Forest Ecology and Environmental Sciences
Resource Planning and Forest Ecology
Overlapping with the end of my undergraduate, I spent two years working full time for the BC Ministry of Aboriginal Affairs. This was an opportunity I snatched up as it allowed me to interrogate my negative racial assumptions about First Nations people that had been part of the community narrative where I was raised. I was privileged to work with a wide variety of First Nations colleagues and clients and to come to a more complex and deeper understanding of land claims issues, native rights, and history through these interactions. In addition, this work allowed me to work with scientists from across a range of fields in other ministries to help facilitate information transfer about the natural resources of BC between First Nations and the various BC government ministries.
Between 1995 and 1997 I worked more specifically in the forestry sector. Initially, I worked as a forest resource planner for a consulting company and later as a field forest silvicultural technician for another firm. My already deep love of the environment and need to understand the complex nature of scientific processes involved in its healthy functioning blossomed during this time. This naturally led to further formal education in this area.
- 1997, Forestry Silviculturalist, Silver Ring Forestry Ltd., Nanaimo, BC, Canada.
- 1995-1997, Resource Planner, Sterling Wood Group Inc., Victoria, BC, Canada.
- 1993-1994, Data Analyst, Ministry of Aboriginal Affairs, Victoria, BC, Canada.
Environmental Science - Nitrogen Cycling
In 1997 I began a masters degree in Victoria but was moved over to the University of Western Ontario as my advisor shifted universities shortly after I started. I went with her as I was only involved due to her field project which had sparked my interest. During the winters I took courses in the Plant Sciences & Environmental Sciences departments towards a masters degree. In the summers I worked in the Noland Divide Watershed within the Great Smoky Mountains National Park, a Long Term Ecological Research monitoring site. My thesis explored the way that nitrogen moves through forest ecosystems from decaying wood, into microbes and then into the ground and stream water.
- 1998-2000, Ecological Researcher, Plant Sciences, University of Western Ontario, London, ON, Canada.
- 1999-2000, Trainer, Teaching Assistant Training Program, Society of Graduate Students, University of Western Ontario, London, ON, Canada.
- 1998-2000, Teaching Assistant, Plant Sciences, University of Western Ontario, London, ON, Canada.
- Masters of Science, double major in Plant Sciences and Environmental Sciences, University of Western Ontario, London, ON, Canada - completed in 2002. Thesis: Nitrogen sink versus source potential of coarse woody debris in the red spruce-Fraser fir forest of the southern Appalachians, USA.
Creed, I.F., Webster, K.L., Morrison, D.L. (2004). A comparison of techniques for measuring density and concentrations of carbon and nitrogen in coarse woody debris at different stages of decay. Canadian Journal of Forest Research, 34, 744-753.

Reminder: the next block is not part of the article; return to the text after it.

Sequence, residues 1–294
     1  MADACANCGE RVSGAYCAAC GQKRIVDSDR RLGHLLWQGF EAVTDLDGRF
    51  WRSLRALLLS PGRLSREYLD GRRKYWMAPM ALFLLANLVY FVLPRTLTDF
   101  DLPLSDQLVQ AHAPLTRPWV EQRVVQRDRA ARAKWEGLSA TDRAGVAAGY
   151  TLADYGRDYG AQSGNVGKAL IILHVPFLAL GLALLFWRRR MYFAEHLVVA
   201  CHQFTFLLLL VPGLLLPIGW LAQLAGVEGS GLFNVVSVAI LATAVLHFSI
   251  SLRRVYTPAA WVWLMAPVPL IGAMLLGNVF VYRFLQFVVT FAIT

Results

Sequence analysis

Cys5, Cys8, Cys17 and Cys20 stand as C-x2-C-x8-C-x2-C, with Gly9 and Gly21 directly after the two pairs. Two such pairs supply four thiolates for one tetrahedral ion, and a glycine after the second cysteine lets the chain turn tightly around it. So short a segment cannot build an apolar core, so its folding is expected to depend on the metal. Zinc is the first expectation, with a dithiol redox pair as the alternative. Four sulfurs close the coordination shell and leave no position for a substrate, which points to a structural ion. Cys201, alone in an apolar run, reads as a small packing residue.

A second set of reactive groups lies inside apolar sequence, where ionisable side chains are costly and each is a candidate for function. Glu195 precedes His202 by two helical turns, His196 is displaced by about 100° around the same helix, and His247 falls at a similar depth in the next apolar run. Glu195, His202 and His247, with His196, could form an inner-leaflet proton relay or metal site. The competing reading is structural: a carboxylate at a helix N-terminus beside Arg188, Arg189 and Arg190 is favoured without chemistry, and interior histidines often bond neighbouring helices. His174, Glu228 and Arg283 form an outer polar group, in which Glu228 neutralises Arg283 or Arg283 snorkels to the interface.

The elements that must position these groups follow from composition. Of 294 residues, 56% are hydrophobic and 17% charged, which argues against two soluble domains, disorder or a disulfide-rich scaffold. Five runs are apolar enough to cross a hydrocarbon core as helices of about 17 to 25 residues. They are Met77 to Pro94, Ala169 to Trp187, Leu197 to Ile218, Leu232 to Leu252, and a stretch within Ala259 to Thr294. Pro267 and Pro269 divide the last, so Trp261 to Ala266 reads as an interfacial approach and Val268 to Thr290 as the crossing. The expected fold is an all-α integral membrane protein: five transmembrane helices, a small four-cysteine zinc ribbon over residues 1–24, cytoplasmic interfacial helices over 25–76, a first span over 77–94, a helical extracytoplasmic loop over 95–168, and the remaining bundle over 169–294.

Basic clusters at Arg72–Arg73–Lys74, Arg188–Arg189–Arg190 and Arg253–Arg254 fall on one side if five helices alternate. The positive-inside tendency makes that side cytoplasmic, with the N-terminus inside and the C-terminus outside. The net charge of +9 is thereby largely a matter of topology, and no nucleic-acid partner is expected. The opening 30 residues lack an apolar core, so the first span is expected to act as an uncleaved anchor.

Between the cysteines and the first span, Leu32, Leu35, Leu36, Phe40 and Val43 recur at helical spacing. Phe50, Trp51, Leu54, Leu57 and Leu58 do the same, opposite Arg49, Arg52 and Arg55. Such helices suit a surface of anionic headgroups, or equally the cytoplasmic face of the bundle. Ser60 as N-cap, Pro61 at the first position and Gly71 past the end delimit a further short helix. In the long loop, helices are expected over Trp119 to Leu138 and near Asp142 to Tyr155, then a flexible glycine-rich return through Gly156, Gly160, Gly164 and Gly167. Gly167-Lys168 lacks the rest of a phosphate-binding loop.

Creed, I.F., Morrison, D.L., Nicholas, N.S. (2004). Is coarse woody debris a net sink or source of nitrogen in the red spruce/Fraser fir forest of the southern Appalachians, U.S.A.? Canadian Journal of Forest Research, 34(3), 716-727.
Related Presentations & Workshops
Morrison, D., & Creed, I. F. (2000). Coarse woody debris: The sink versus source debate revisited. American Geophysical Union, May 30-June 3, Washington, DC, USA.
Morrison, D. & Creed, I. F. (1999). Nitrogen dynamics in coarse woody debris: A net source or sink to the forest? American Geophysical Union, December 13-17, San Francisco, CA, USA.
Morrison, D. and Creed, I. F. (1999). Nitrogen dynamics in coarse woody debris: a net source or sink to the forest? Gordon Conference on Hydro/Geo/Biological processes of Forested Catchments, July 18-22, Andover, NH, USA.
Morrison, D., Creed, I. F., & Nicholas, N.S. (1999). Nitrogen dynamics in coarse woody debris: A net source or sink to the forest? 10th Annual Southern Appalachian Man and the Biosphere (SAMAB) Conference, November 1-3, Gatlinburg, TN, USA.
Morrison, D., Creed, I.F., Nicholas, N.S., Rose, A.K., & Van Miegroet, H. (1998). An approach to the determination of a nitrogen release index for coarse woody debris in a small watershed in the southern Appalachian mountains. Ecological Society of America, August 2-6, 1998, Baltimore, MD, USA.
Van Miegroet, H., Nicholas, N.S, Creed, I.F., McCarthy, L.E., Barker, M., Hysell, M., Morrison, D., Rose, A.K., & Shubzda, J. (1998). An integrated approach to estimating spatial variability in N saturation in a small Southern Appalachian watershed. Soil Science of America, October 18-22, Baltimore, MD, USA.
Van Miegroet, H., Nicholas, N.S, Creed, I.F., McCarthy, L.E., Barker, M., Hysell, M., Morrison, D., Rose, A.K., & Shubzda, J. (1998). The Noland Divide Watershed Study: An integrated approach to assess spatial variability in N dynamics in a small Southern Appalachian catchment. American Geophysical Union. December 6-10, San Francisco, CA, USA.
University of Western Ontario - Medical Sciences
While at the University of Western Ontario, I had the opportunity to work with the Medical Sciences unit in the codesign and development of case studies of environmental health issues.
- 2000, Educational Designer, Medical Sciences, University of Western Ontario, London, ON, Canada.